Mariner Books, 1988
When I started reading this anthology of tales of surviving (or not) shipwrecks, airplane crashes, and general lost-in-the-woods survival, it was pretty easy going. But 520 pages and something like two months later I made way to the back page, a little undernourished, slightly crazed, and vowing never to read any more anthologies on just this subject.
Well, I kid. But Edward E. Leslie is a pretty generic writer. He did his research, but most of this book is a paraphrase of survivors tales from the Elizabethan era onward. Only a few times does he fill in some of the historical data (a bit on pirates, a bit on the “survivor tale” cottage industry, a bit on the early days of aviation where barnstorming and daredevils were all the rage) as a context. There’s a few pages on analysis on the psychological effects of surviving near-death experiences, on cannibalism, and, right near the end, a bit of modern commentary on the shallowness of the “life lessons” more recent survivors have gathered.
Most survivors who have come of age since the 1950s do not claim to find any deep meaning in their travails. Conditioned by popular culture, they report that what they have learned is to live for the moment and to appreciate the little things in life. It is remarkable just how often these sentiments are expressed using these very words. For instance, one recent surivivor, referring to an ordeal during which he was very close indeed to dying explained that “when God didn’t let me go, I was sure He had something in mind for me. And now I think I know what it was–learning to really appreciate living. Little things I used to take for granted, i don’t anymore. Just getting up in the morning or watching one of my boys hook a fish is an unbeleivable thrill. I never felt this way before–and it’s wonderful.”
Did God have Job and Jonah suffer just so they would notice the flowers beside the well-worn path or the play of light in a drop of water? Paul was struck blind on the Damascus road so that he might be able to open his eyes and see. Today, sitting atop the ruins of our lives, we do not reconcile ourselves to God, fate, or the laws of the natural universe; instead we find wonder in the petals of roses that push up through the ashes. We do not discover inspiration in the belly of the leviathan; rather we emerge from that enormous digestive tract to pay heed to the phosphorescent fishes that swim near the surface of the vast ocean.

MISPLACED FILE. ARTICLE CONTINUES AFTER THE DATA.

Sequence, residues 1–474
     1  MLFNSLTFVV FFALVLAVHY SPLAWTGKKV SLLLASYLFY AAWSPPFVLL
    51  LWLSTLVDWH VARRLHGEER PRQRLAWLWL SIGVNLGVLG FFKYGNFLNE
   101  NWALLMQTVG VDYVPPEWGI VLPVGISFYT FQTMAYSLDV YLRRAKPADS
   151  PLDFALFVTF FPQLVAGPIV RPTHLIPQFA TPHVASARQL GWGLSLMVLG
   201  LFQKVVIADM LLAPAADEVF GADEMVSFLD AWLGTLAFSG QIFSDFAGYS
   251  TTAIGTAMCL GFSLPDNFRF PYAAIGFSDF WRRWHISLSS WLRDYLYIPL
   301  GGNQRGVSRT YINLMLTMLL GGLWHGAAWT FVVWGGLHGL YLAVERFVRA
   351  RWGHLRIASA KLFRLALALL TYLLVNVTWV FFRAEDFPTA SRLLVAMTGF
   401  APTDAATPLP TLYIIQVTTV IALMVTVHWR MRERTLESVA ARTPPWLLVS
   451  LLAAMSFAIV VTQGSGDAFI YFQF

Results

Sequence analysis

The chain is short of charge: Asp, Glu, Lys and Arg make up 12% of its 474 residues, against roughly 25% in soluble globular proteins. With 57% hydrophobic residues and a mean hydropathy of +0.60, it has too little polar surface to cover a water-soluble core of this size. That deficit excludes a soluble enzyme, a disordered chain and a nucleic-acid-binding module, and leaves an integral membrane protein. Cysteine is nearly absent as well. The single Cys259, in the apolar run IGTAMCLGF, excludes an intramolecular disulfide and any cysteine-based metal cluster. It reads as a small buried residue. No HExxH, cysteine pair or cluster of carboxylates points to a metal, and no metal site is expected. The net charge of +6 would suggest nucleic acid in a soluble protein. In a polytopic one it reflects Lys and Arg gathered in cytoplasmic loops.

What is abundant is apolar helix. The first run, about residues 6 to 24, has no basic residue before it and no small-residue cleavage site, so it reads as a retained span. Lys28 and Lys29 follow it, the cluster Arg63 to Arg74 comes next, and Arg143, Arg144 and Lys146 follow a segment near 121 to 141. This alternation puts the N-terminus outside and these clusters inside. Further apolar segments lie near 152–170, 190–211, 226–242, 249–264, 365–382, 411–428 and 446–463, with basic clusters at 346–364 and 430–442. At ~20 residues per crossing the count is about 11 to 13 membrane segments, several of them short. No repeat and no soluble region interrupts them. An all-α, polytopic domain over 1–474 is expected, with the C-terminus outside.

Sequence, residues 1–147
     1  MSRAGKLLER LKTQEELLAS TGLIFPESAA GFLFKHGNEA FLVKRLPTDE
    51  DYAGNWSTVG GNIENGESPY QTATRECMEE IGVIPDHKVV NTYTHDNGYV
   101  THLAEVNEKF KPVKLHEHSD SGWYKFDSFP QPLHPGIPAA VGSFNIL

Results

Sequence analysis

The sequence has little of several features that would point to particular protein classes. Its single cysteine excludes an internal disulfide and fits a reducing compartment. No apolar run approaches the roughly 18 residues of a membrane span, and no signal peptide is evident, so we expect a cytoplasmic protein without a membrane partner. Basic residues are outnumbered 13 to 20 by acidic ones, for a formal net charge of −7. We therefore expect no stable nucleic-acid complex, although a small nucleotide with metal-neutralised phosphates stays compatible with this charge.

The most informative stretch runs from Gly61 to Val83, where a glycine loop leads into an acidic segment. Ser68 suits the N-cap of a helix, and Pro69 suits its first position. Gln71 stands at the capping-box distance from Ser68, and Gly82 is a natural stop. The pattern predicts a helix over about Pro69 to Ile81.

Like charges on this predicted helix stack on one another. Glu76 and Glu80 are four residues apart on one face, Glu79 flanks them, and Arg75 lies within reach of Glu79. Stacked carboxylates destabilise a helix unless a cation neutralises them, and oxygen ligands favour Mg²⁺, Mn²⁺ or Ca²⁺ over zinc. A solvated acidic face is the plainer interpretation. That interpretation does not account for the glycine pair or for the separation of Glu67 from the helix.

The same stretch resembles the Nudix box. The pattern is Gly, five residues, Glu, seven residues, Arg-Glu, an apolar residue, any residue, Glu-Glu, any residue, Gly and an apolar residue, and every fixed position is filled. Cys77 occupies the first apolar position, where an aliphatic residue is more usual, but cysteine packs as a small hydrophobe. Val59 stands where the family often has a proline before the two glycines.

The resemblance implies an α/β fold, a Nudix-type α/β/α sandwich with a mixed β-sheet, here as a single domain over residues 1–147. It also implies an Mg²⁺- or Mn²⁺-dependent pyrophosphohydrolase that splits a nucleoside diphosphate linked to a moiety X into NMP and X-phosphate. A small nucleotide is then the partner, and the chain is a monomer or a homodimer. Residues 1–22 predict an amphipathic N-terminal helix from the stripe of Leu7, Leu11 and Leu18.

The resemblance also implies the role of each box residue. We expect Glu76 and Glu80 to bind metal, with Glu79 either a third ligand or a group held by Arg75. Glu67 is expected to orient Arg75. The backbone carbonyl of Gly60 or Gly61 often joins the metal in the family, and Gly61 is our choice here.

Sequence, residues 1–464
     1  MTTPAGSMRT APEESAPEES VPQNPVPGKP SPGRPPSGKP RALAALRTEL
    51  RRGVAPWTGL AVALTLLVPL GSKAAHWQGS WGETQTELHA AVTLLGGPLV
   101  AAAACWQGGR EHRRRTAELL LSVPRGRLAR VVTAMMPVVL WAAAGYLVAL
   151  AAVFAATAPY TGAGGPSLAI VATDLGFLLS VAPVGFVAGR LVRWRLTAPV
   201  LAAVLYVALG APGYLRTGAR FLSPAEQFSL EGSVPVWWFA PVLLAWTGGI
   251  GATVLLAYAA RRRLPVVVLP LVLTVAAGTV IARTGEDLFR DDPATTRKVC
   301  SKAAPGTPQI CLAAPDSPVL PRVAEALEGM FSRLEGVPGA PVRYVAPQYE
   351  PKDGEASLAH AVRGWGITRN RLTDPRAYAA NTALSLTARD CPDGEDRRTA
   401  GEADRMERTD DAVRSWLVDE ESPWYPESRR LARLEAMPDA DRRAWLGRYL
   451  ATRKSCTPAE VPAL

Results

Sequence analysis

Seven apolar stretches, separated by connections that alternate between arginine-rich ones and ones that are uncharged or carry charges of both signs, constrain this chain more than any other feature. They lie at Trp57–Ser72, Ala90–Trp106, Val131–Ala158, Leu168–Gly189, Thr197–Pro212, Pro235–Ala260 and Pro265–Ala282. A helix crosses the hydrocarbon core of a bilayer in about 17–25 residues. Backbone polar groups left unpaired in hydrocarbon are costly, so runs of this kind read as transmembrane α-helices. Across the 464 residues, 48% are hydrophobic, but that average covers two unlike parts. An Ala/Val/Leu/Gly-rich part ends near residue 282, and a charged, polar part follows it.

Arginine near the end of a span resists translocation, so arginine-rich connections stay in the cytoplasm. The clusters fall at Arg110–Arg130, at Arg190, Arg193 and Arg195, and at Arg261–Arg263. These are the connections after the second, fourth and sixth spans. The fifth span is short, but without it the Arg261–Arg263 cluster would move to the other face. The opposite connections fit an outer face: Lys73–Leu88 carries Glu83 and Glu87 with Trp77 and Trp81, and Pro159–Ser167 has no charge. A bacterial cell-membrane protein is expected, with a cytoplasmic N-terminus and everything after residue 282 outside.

As we kneel on that ancient thoroughfare, the scales having fallen from our eyes, we lift our heads and cannot perceive anything in the bright new light that our popular culture has not instructed us will be there. And this culture teaches us that nothing is of value except wealth and immediate gratification.”
And this is the last page where it starts getting interesting. I would have liked to have seen a bit more of this quasi-Christian editorializing, disagreeing with some of it as I do–(Is Leslie hoping that all survivors will gain deep wisdom, that of a prophet? Does he favor the Old Testament God to Jesus? He throws the bit out there about popular culture, but spends an early chapter discussing the survivor narrative. The fact that some of these sailors returned repenting their sins. Is that a better reaction? Can’t it be just as shallow?) As I said, he barely goes into it.
Mostly, though, the book is just paraphrasing.
There are some good stories to be found. Most chilling is a diary kept by a man marooned on an island by pirates for what we take to be buggery (on the high seas, as the comedy sketch goes). He does well to survive 150 days, but he makes some crucial mistakes, among them wasting entire days repenting to God. Reading the diary excerpts, I assumed he had made it home. But no, he goes crazy from hunger and illness and dies. The diary was then purportedly found by soldiers a year later (sitting next to a skeleton, perhaps?).
I also liked this WWII story of three men in a life raft in the Atlantic, slowly going insane, until there’s one man left. It’s grim stuff.
Leslie leaves some trivial but important details out, too. But then, in other places it seems like all he’s concerned about is the trivial. For example, he leaves a whole chapter to the tale of Antoine de Saint-Exupéry and friend, who survived being stuck in the Libyan desert. Not that it’s essential to the story, but it was my friend who reminded me later, as I told him the story, that Antoine de Saint-Exupéry went on to write “The Little Prince.” You’d think that would at least deserve a mention.
And in a final story about a woman whose plane crashed into a cliff in the Sierra Nevadas, he uses a photo of her “with Blair Brown, the actress who portrayed her in the movie version of her story.” Wouldn’t you like to know what movie that was? Well, Leslie doesn’t tell us.
(But I will: it was a TV-movie from 1978 called And I Alone Survived, a title that kind of ruins the suspense when she starts off with two other people.)
Also, by the end, Leslie is jamming in as many 20th century survival tales as he can. Somebody needed to edit this book a bit more. In fact, someone else should have written it. Leslie doesn’t have the black humor to pull off these tales of human misery. My candidate: John Marr, who used to write a great zine called Murder Can Be Fun, whose gleefully wrote about themes such as postal worker shootings without sounding cold-hearted or callous. I think you can still find some of his writings online that may pertain to our subject.